Old 05-20-24, 05:31 PM
  #69  
Senior Member
 
Join Date: Aug 2010
Location: Madison, WI
Posts: 11,334

Bikes: 1961 Ideor, 1966 Perfekt 3 Speed AB Hub, 1994 Bridgestone MB-6, 2006 Airnimal Joey, 2009 Thorn Sherpa, 2013 Thorn Nomad MkII, 2015 VO Pass Hunter, 2017 Lynskey Backroad, 2017 Raleigh Gran Prix, 1980s Bianchi Mixte on a trainer. Others are now gone.

Liked 1,500 Times in 1,172 Posts
Originally Posted by tcs
Just a quick price check on REI: 110g isobutane, six bucks / 220g, seven bucks / 450g, eight bucks.
...
..., by far the best BTU deal in cylinder gas is 20 lb refillable propane.
What size pannier do you suggest for the 20 pound cylinder of propane?

I mentioned above that I am starting my trip with the 100 g (or 110 which you already priced) and a nozzle/bayonet type 220 g canister, the nozzle/bayonet type is a bit cheaper than the threaded ones you cited. They have some on sale, this one is not on sale at $3.95.
https://www.rei.com/product/190769/e...-canister-8-oz

But a year or two ago I had a $20 gift card that would expire within days, so I bought a bunch of butane canisters since I had to spend it fast, so starting the trip with canisters I have already owned for a while.
Tourist in MSN is offline  
Old 05-20-24, 08:38 PM
  #70  
Senior Member
 
Join Date: Apr 2017
Posts: 2,385
Liked 591 Times in 477 Posts
Originally Posted by tcs
Just a quick price check on REI: 110g isobutane, six bucks / 220g, seven bucks / 450g, eight bucks.

Show of hands for who is surprised by this and doesn't understand why.

For the cycletourist that priorities cost above all else, by far the best BTU deal in cylinder gas is 20 lb refillable propane.
From what I understand, California now doesn't sell disposable 1lb propane bottles, and that has drastically brought down the price of refillable 1lb'ers. $19 or 2 @ $17 each on amazon. Most places here have 20 lb cylinder exchange, $25-30 and you only get 15 lbs. The local farm grange, last I filled, was $12 for 20 lbs, and they'll do any quantity at the same unit price. So that means 60 cents for a 1 lb fill. HOWEVER, I just looked, and the refillables on amazon say cannot be filled at bulk propane, but only from your own larger tank, with adaptor, and, I saw nothing about them having an Overfill Protection Device (OPD), which I think would be an even greater hurdle at bulk refill, they wouldn't do it, and it requires weighing the cylinder before and during filling. So that really precludes getting propane refills on the road.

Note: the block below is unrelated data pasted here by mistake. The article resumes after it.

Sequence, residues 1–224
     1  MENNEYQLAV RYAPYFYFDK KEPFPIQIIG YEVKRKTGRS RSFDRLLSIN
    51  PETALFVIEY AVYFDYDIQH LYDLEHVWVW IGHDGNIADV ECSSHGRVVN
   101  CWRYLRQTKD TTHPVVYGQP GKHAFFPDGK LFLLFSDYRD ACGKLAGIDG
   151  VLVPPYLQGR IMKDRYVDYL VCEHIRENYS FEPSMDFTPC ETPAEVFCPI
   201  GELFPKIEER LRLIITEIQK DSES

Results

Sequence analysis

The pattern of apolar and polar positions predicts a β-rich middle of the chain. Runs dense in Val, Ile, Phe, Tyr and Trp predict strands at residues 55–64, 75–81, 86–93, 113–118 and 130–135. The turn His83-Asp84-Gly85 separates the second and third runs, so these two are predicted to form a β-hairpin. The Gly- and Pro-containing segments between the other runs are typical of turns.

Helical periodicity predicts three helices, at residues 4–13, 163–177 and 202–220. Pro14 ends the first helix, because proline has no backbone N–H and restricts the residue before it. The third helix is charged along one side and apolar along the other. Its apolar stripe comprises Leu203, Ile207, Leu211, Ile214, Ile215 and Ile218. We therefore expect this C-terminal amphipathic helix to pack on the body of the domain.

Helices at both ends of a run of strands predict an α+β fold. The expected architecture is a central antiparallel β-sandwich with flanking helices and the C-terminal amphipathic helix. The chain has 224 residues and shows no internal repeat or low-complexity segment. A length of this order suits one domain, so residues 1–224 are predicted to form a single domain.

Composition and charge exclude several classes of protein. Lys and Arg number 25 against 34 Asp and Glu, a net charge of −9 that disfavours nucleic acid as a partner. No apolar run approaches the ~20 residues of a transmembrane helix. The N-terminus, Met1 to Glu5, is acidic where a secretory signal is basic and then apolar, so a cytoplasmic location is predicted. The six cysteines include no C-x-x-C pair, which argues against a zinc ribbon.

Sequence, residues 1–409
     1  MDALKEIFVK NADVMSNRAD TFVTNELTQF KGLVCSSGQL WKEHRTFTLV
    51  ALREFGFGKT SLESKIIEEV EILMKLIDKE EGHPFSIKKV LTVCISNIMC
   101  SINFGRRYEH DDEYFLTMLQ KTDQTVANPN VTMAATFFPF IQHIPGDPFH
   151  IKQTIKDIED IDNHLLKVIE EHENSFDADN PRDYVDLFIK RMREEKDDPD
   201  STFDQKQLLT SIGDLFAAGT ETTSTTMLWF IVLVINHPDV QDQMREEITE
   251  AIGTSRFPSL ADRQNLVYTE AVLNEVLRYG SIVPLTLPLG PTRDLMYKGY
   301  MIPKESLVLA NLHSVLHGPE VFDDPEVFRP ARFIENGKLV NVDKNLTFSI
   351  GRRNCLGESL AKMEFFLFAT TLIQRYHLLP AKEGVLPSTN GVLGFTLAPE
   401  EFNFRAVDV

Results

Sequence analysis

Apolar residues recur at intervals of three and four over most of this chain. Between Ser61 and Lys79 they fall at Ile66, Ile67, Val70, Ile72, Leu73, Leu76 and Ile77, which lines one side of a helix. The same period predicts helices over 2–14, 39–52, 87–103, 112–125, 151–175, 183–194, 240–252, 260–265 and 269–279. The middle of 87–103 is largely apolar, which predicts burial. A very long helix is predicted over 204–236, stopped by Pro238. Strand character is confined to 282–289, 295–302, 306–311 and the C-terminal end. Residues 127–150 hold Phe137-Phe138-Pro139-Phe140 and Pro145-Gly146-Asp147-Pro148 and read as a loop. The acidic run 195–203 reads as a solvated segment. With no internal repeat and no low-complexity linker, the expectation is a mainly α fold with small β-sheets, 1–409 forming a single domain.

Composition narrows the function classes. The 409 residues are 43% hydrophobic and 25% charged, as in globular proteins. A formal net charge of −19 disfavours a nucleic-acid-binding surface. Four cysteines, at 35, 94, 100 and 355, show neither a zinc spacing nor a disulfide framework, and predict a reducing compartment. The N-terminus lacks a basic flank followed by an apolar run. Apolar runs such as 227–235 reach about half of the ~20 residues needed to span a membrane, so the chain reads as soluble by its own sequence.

But not necessary; Propane has 3X the vapor pressure of butane, so the bottles are heavier, and cheap butane 8oz tall-cans are $2 at the right places, not as cheap as propane but still cheap.

Ideally, you'd have the smallest size composite propane tank they make, but currently I only see 11lb + 12 lb tank weight for $162. I have in storage an aluminum tank, I think 10 lb'er, ideal would be a 5 lb'er with bulk fill valve, and only for a group tour. I see on amazon a 5 lb capacity steel tank at 9 pounds so 14 lbs total, with bulk fill valve and OPD, for $55.

So I guess it's cheap butane (3 season) and Pocket Rocket Deluxe, or white gas and any number of stoves I have. (Optimus Svea 123 for best style points. )

Last edited by Duragrouch; 05-20-24 at 08:46 PM.
Duragrouch is offline  
Old 05-23-24, 09:45 AM
  #71  
Senior Member
 
autonomy's Avatar
 
Join Date: Jun 2016
Location: Boston Roads
Posts: 977

Bikes: 2012 Canondale Synapse 105, 2017 REI Co-Op ADV 3.1

Liked 238 Times in 134 Posts
Originally Posted by Kelly I
My husband has bikes outfitted with Shimano Alfine 11, and a Rohloff 14. When he saw the price on the Priority 600 (equipped with a Pinion 12), he couldn't resist giving it a try. He says the steps aren't as noticeable as he thought they might be. Shifting, gear range, and gear noise, are all acceptable. A plus for the Pinion is the ease of removing the rear wheel, as the gearbox is in the bottom bracket.

I understand wanting to support your local dealer. If you are Pinion curious, and can't quite float the investment quality item past your wife - perhaps the Priority bike would be of interest. Jacinto said he would have preferred the 18, but he's still able to climb everything around home here in Colorado with the spacing on the 12 speed.